Canary Media’s Charging Up column chronicles gender diversity in the climatetech sector. Part one is a short Q&A with an industry role model about their career path. Part two features updates on career transitions. Please send feedback and tips to email@example.com. Canary thanks FischTank PR for its support of the column.
Susan Nickey: An EVP who understands the art of diplomacy
Susan Nickey is executive vice president and chief client officer at Hannon Armstrong. This interview has been edited and condensed for brevity.
How did you end up on this career path?
I was in the right place at the right time. The independent power industry was just starting to take off, and my then-boss asked me to join him in launching ABN AMRO project finance group. At the time, I was planning to go into international banking and rotate into the bank’s expat program, but he convinced me that a detour into energy project finance was the right career move — and he was absolutely right. I’m still here.
I was assigned to alternative energy before it even existed as a sector. So while I wanted to go into international finance and have a big global impact, I soon recognized the unique opportunity to help drive the alternative-energy industry. At that time, no one believed it was real or really had a future, and look at where alternative energy is today.
What’s the best piece of advice you’ve ever received?
“Set a goal of where you want to end up and make decisions to move you forward on that path.” When I was in high school, a client of my father’s who was a Swiss businessman asked me what I wanted to do with my life. I responded that I wanted to go into international banking, and he gave me that advice. I really took it to heart — I spent my sophomore year of college abroad, and after I graduated I did an international banking internship in the Philippines, and then came back and went into the School of Foreign Service at Georgetown. Even if you switch focus in your career like I did, I think having a set goal and moving toward it puts you in a position to take advantage of exciting opportunities as they come.
What is a barrier you faced, and how did you overcome it?
I was one of the first women not only in finance but also in energy, which was not always easy. However, as a young banker, I faced another more amusing — but still very real — barrier: I realized that a lot of business was conducted on either the golf course or the ski slopes. I was neither a golfer nor a skier, so I quickly got frustrated with being left out while everyone else was out networking and relationship-building. I decided to take lessons in both sports, and though I was worried I would not be good enough, eventually I was able to keep up. I learned that it is good to not be scared and to just go for it, and soon enough, I started enjoying those rewarding conversations and stopped missing out.
What do you think are the most exciting new career opportunities in climatetech?
There are so many emerging career opportunities — in home electrification, utilities, decarbonization — where you can really hit the ground running if you have a solid data analytics background. But whatever your skill set or background, the Inflation Reduction Act that just passed will only increase the robustness of the job market, both in the private and public sectors. And we need all the talent we can get.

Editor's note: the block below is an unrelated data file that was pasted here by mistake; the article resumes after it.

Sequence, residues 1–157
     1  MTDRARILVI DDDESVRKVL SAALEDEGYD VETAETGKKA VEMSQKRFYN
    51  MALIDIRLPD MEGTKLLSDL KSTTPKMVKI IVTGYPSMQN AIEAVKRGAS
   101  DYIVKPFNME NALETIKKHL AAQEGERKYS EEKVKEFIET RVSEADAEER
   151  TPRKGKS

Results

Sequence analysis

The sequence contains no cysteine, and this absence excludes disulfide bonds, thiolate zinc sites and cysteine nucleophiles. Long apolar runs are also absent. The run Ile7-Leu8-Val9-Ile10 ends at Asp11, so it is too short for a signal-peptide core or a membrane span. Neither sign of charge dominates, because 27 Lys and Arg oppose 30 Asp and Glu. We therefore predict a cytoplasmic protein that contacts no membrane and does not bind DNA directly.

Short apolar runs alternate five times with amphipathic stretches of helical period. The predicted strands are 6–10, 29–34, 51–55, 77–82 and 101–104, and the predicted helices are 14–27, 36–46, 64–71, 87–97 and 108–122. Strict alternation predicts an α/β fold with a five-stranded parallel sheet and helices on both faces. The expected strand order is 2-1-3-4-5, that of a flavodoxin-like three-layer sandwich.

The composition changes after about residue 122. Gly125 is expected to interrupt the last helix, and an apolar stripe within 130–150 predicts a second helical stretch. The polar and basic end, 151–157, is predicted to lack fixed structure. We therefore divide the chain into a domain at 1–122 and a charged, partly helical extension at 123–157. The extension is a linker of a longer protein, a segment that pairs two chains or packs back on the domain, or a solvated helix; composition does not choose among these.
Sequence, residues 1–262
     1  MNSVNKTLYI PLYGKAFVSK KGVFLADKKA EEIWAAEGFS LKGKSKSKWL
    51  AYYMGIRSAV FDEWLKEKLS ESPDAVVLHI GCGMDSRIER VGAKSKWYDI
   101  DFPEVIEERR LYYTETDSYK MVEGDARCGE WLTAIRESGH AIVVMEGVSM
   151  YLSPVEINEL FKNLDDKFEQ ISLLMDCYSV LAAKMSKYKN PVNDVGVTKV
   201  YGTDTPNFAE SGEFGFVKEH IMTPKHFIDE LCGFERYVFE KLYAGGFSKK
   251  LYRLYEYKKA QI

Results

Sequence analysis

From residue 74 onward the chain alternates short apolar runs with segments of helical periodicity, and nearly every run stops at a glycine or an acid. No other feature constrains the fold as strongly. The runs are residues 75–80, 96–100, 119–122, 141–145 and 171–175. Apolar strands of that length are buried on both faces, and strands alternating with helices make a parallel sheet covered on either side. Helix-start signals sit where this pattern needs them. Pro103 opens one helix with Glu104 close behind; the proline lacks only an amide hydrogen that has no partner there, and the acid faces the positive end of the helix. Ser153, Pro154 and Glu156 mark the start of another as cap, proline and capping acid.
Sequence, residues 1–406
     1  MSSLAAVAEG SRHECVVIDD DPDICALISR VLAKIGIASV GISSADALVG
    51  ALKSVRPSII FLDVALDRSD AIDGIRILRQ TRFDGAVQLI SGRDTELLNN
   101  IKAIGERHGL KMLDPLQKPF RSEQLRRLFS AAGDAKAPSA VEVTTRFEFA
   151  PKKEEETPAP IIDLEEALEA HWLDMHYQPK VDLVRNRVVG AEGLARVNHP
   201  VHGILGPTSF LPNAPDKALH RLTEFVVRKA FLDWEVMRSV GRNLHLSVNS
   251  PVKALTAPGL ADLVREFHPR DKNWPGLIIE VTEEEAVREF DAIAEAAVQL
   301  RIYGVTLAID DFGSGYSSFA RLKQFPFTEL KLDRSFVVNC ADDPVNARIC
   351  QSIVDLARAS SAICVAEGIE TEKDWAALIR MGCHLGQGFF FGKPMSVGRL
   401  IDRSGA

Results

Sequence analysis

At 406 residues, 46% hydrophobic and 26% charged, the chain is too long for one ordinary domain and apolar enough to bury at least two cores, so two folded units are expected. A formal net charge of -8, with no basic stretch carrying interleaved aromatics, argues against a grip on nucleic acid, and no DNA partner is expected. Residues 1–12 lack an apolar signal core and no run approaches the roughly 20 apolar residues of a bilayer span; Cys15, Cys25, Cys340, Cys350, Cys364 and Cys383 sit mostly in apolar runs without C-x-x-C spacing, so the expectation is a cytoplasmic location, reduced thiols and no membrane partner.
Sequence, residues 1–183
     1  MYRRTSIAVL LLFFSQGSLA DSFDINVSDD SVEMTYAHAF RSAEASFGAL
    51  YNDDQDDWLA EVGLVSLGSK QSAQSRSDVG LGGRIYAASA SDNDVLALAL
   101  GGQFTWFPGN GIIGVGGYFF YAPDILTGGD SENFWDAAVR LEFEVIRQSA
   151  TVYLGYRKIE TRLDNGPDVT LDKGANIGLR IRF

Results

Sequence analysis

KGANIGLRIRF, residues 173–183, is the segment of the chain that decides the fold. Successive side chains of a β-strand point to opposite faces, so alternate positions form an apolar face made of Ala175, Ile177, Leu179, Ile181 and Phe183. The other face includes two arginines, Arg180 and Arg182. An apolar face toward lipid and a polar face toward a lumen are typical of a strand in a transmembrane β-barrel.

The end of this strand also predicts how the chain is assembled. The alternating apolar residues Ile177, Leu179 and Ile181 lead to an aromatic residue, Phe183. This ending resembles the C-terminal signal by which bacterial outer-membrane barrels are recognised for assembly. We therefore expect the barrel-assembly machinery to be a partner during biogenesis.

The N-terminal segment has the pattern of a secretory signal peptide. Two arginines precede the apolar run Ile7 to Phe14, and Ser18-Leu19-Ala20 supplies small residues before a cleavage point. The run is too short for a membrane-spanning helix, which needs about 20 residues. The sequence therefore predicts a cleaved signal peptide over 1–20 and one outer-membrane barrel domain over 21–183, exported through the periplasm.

What is your superpower?
The art of diplomacy. I had the great benefit while I was at Georgetown of studying under Henry Kissinger and Madeleine Albright, arguably the two most important secretaries of state of our time. I think their storytelling, in their lectures and their memoirs, is rich with lessons on the effectiveness of back-channeling as well as face-to-face engagement. Their successes helped drive the importance of forging consensus, putting yourself in the shoes of someone on the other side and finding common ground. I think having that experience helped me with my diplomacy skills and effectiveness in my professional roles.
Chandra Farley will become the chief sustainability officer for the city of Atlanta at the end of September. Farley founded the energy justice initiative The Good Energy Project and previously served as just energy director at the Partnership for Southern Equity.
Holly Bunker is now senior manager of sustainability at L’Oréal, the world’s largest cosmetics company. Bunker previously served as a climate adaptation fellow at the NYC Mayor’s Office of Climate and Environmental Justice.
Suzanne Logan, previously a senior attorney in the U.S. Department of Commerce Commercial Law Development Program, is now a senior counsel at Hannon Armstrong Sustainable Infrastructure, a climate solutions investment firm.
Carrie (Barnes) Meyer is now acting director of public affairs for the National Nuclear Security Administration at the U.S. Department of Energy. Meyer was promoted from her previous role as director of communications at the Hanford Site.
Marcene Mitchell joined the board of directors at Power Factors, a renewable energy and software solutions provider. Mitchell is currently serving as the senior VP of climate change at the World Wildlife Fund and was previously the global head of climate strategy and business development at the International Finance Corporation. She also serves as the vice-chairman of the board of the Montgomery County Green Bank, which brings clean energy and energy efficiency to small businesses as well as low- and mid-income households in Maryland.
Mark your calendar
Grid Alternatives, Women of Renewable Industries and Sustainable Energy (WRISE), Smart Electric Power Alliance and the Solar Energy Industries Association are sponsoring a Clean Energy Job Fair on Wednesday, September 21 from 11 a.m.–3 p.m. PT, in conjunction with the 2022 RE+ Conference in Anaheim, California.
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